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The big issues on the political agenda in 2013

Domestic politics in 2013 will be dominated by the continuance of the longest recession since the stock market crash of 1929. In the fifth year of flat growth the Coalition Government is faced with increasingly unpalatable decisions on public expenditure.

Ministers know that they will have to make radical cuts to public expenditure to ensure that that the UK’s credit rating is maintained. This has already been evidenced by the imposition of a 1% cap on benefit increases, the ending of child benefit payments to those in the higher income brackets and strong rumours of “means testing” for the pensioners’ Winter Fuel Allowance.

Failure to keep a “triple A” rating or at the very least a “double A” will have ramifications for every aspect of our national life and principally the ability of the Bank of England to keep interest rates at their historical low. Aside from this the Government would become increasingly unable to fully fund state services such as the NHS and forced to raise taxes to make up the shortfall.

The economic context will make the Treasury ever more powerful in Whitehall and the big spending Departments of State more cautious in suggesting costly policy initiatives. That is why cuts in the Civil Service will continue throughout 2013 and the privatisation of state services will gather pace. This has begun already with the handing over of major roles in the probation and immigration services to the private sector.

A Government that is unable to spend more on the things that people like and forced to cut existing public services will inevitably see a slump in its poll ratings. Both the Conservatives and Liberal Democrats have already pointed to the usual “mid-term” factors in this respect, but would probably privately admit that the depth of the recession makes this different to previous times.

The Labour Party is enjoying some of the highest ratings that it has seen since the beginning of the Iraq War in 2003. The issue for Labour and its leader Ed Miliband in 2013 will be how it translates favourable ratings into a credible platform for Government. We have already seen how David Cameron has sought to define Labour as being unable to take tough decisions in the recent vote on benefit cuts.

Much more of this can be expected over the coming months as the main parties begin to profile the coalition of voters that they will be seeking to attract in the next General Election. The 2013 Local Government Elections will provide the parties with a readout of their standings in the polls and these will offer a reliable prediction of how the electors would vote in a General Election, given the predominance of domestic issues in the public consciousness.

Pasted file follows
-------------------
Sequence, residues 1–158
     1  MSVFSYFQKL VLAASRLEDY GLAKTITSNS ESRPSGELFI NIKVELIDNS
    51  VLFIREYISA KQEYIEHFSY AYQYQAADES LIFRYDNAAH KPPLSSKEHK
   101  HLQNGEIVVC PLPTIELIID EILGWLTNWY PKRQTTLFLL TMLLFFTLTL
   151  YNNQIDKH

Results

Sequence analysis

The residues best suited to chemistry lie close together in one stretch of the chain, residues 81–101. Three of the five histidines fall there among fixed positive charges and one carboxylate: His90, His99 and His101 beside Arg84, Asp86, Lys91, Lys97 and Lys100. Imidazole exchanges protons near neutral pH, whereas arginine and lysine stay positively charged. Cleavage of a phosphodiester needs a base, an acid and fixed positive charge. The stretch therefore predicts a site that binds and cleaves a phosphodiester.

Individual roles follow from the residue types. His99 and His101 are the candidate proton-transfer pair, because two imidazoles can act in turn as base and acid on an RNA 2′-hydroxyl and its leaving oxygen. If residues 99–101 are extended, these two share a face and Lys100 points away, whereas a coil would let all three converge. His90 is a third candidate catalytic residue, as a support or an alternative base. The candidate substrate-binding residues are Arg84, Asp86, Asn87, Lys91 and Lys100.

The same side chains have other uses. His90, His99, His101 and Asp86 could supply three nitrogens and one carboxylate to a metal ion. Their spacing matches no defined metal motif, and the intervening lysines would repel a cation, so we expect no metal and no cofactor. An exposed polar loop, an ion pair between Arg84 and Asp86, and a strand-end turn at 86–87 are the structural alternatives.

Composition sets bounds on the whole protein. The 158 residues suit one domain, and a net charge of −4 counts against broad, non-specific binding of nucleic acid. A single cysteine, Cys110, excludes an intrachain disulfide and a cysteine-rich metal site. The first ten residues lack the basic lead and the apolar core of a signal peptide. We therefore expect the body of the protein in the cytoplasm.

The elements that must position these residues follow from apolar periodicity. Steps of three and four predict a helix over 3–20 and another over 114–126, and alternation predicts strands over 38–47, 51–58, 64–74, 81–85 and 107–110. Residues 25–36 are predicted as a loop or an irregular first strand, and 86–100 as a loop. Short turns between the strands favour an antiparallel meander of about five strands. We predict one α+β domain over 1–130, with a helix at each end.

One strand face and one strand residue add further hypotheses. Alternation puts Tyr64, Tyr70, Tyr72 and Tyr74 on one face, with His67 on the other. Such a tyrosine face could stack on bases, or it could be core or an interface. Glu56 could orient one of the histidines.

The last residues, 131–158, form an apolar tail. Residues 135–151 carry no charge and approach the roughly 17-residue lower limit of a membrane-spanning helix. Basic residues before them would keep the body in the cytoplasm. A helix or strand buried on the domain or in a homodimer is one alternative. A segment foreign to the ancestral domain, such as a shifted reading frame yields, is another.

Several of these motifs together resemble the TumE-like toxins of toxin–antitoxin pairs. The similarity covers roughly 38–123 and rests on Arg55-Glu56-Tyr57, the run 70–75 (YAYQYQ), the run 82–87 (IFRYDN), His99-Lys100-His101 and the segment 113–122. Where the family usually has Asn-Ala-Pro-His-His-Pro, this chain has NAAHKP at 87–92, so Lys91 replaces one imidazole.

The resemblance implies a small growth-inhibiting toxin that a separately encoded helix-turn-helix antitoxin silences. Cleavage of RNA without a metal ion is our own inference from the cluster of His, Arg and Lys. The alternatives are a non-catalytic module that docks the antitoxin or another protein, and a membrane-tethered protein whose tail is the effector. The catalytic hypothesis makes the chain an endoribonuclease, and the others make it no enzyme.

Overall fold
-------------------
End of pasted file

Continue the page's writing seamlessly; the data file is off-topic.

In 2013, politicians will also have to focus on the future nature of the British state. This is because there will be precisely one year before Scotland decides whether it remains as part of the United Kingdom. We can therefore envisage a greater intensity of debate over Scottish independence, economic uncertainty arising from the consequences a “yes vote” and fissures developing in the major parties over their post-independence electoral prospects.

What is clear to me is that David Cameron would not wish to be the last Conservative Prime Minister of the United Kingdom and, at the same time, Ed Miliband the last Labour leader to benefit from the Westminster seats drawn from the Party’s majority in Scotland. Nick Clegg’s worries will be of a different nature in 2013, given the way that his Party’s votes have been squeezed both geographically and across all voter groups.

David Cameron also faces the dubious benefit of being Prime Minister at the critical juncture of our relations with the European Union. His problems are twofold. They arise from being in coalition with a pro-EU party and leading a Conservative Party that sees Europe as the one issue that uniquely defines it against its political opponents.

In 2013 the Prime Minister will be pulled in two directions – if he pushes too hard against the EU, the coalition could fracture and if his stance is too light, then UKIP will continue to take a greater slice of Conservative votes, ultimately denying what he truly desires, a majority Conservative Government.

But there’s something else happening in the UK and in countries across the globe that poses a credible threat to the political status quo and this results from the power of activists to shape the political agenda. This can manifest itself in a campaign against supermarkets and their pay policies for interns, Governments being deterred from privatising our forests or the determination of multinational companies’ tax payments.

The popular accessibility of social media helps campaigners to coalesce quickly across domestic and international boundaries and can put politicians on the back foot in their response. The same issues arise for the business affected by such campaigns, the journalists who report on them and corporate advisers whose role has been traditionally to develop strategies aimed mainly at central Government stakeholders.

In 2013 businesses will increasingly need public affairs advisers who are sensitive to the coexistence of the new and old politics. This includes knowledge of how social media can shape the political agenda, the ability to spot developing trends, an understanding of the machinery of Government and the courage to “tell it as it is”. Without this businesses and even NGOs will continue to risk their reputations and damage their brand value.

At Lansons we are aware of this and ready to help our clients meet these challenges in the year ahead.

For more information about our Public Affairs offering please contact Andrew Silverman at andrewsi@lansons.com